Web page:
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How to Treat a Smashed Finger

Caught Between a Rock and a Hard Place (or Slammed in a Door)

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Updated November 12, 2013

Written or reviewed by a board-certified physician. See About.com's Medical Review Board.

Smashed Finger

Folding chairs are just as mean to fingers as doors can be.

(c) Jesse Radonski

Just the mention of a finger getting squashed in a door or getting pounded by a hammer is enough to make most people cringe. I don't know a single person who hasn't felt the throbbing agony of a smashed finger. It doesn't take much for us to learn to get our fingers out of the way, so this is an injury more common in kids than adults.

What to Do Immediately

Assuming you've extricated the finger (this would definitely be step one), there are a few things you can do to alleviate your excruciating pain:

  1. Ice it. Use an ice pack to reduce pain and swelling. Keep the ice on it for 15 minutes a couple of times an hour for the first few hours after smashing it. Don't keep ice on too long or you can develop frostbite.
  2. Elevate it. Letting your hand dangle at your side after smashing your finger will simply increase swelling and that uncomfortable throbbing. Hold it up to reduce the pressure in there.
  3. Use it. I don't expect you to start lifting weights with your injured finger, but keep it moving. If you can't move your finger or if you can't feel it (in a few minutes that is--you've got to give the throbbing time to go away) then you should visit the doctor.
  4. Take a pill. Over the counter painkillers can help relieve the constant reminder that you didn't move quick enough.

Don't wrap a finger. We already struggle to get blood flowing to the tips of our fingers and toes on a good day. Wrapping injured fingers and toes can lead to more damage when vital oxygen and nutrients can't get to the tips. Covering a finger injury is not a bad idea, especially if you're still working, but keep it loose.

What to Do in a Day or Two

Smashing your finger is just the beginning. The fun really starts when the blood builds under the nail. You might see the nail turning color--usually dark blue or black--and feel a lot of pressure. This is what happens when a bruise is contained in the tiny space at the tip of a finger. Letting the pressure out will help the healing process and significantly reduce the pain.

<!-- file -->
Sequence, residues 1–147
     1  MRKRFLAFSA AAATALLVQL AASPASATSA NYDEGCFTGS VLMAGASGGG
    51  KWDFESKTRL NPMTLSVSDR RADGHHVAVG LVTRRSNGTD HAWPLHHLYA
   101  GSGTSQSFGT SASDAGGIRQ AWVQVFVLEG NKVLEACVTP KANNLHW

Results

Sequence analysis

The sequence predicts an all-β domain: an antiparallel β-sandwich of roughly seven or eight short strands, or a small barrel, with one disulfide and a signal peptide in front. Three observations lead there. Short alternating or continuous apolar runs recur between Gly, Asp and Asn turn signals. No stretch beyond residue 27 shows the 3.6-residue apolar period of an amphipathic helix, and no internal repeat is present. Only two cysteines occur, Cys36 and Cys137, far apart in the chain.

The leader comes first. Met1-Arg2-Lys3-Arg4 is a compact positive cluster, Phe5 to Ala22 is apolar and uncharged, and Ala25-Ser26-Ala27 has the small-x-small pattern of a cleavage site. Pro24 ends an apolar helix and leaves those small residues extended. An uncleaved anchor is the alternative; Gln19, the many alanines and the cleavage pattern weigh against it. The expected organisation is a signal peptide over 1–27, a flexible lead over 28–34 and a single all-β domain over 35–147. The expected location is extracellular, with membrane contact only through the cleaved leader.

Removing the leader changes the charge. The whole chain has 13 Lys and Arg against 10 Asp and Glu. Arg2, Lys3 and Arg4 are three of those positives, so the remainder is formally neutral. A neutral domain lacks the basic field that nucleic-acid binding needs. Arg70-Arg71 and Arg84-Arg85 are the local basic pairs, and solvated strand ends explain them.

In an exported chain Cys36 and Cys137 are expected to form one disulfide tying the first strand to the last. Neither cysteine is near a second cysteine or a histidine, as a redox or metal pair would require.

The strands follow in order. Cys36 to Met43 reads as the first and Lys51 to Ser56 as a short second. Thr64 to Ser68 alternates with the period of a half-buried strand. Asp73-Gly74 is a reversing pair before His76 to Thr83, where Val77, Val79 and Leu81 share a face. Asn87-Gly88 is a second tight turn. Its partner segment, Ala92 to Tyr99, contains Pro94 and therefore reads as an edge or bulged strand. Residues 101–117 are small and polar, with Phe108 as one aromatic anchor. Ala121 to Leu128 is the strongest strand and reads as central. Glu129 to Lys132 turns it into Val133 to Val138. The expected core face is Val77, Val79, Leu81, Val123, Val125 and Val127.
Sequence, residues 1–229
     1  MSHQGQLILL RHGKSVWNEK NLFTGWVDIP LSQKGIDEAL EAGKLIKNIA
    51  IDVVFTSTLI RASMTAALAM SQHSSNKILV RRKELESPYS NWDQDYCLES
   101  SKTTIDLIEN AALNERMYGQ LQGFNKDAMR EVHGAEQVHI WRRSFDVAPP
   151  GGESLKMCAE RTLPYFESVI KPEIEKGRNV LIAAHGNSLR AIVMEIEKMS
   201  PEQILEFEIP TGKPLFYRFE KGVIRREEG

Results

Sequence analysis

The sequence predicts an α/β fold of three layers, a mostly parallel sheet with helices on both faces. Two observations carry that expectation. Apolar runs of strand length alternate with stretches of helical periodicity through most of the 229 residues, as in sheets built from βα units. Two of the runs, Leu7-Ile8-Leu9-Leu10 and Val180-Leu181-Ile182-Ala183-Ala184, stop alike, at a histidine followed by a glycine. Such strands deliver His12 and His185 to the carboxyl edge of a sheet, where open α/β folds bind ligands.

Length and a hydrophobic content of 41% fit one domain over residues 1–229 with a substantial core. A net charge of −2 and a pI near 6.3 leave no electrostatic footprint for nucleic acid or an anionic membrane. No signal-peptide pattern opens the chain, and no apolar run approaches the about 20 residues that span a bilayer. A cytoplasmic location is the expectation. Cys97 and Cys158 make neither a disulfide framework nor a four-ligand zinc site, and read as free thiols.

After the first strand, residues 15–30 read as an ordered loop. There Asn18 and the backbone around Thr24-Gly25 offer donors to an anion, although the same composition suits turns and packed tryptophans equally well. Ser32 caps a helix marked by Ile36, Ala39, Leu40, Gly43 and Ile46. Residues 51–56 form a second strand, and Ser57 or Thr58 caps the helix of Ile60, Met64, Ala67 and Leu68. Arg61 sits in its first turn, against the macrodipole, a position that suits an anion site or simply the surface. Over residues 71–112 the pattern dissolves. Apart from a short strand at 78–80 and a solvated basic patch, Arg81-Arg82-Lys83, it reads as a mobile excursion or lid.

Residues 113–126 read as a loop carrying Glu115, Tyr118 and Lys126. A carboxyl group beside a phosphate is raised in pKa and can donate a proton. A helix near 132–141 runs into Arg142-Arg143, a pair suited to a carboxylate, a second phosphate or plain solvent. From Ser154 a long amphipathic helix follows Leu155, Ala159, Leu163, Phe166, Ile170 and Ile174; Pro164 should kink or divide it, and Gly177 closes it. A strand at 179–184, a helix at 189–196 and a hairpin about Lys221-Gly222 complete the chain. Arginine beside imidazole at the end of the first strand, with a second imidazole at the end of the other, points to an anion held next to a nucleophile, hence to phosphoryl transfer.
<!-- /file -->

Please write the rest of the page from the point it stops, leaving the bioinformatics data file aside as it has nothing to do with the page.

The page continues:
Make sure you touch bases with a healthcare provider before trying this. You'll need a lighter or a candle, a pair of pliers and either a clean paperclip or a safety pin. From here on out, we'll only refer to your weapon of choice as a paperclip, but it doesn't matter which one you use.

  1. Wash the finger thoroughly. You do not want to develop an infection in the tip of your finger.
  2. Open the paperclip so that you have a straight edge.
  3. Holding the paperclip with the pliers, heat the tip in the flame until it is red hot.
  4. Carefully touch the red hot tip of the paperclip to the area of the nail where most of the blood is collected (usually the darkest spot on the nail) and put just a little bit of pressure on it. Keep it there until the paperclip burns through the nail. Don't push hard; just let the heat do the work.

The blood might gush out of the hole once the paperclip burns through. In time, if the hole closes up again, you can repeat the procedure. This procedure shouldn't hurt much if at all. If the pain is too severe to try this, you'll need to see a doctor.

When to Go to the Doc

In most smashed finger cases, you don't need to run to the ER. Occasionally, the finger might be broken.There are exceptions to any rule, however, so visit your favorite healthcare provider if you have any of the following:

The fingernail might fall off. It's not ideal, but chances are very good it will grow back without a problem. While it doesn't necessarily mean you should see a doc, a missing fingernail is at least worth a call to the office.

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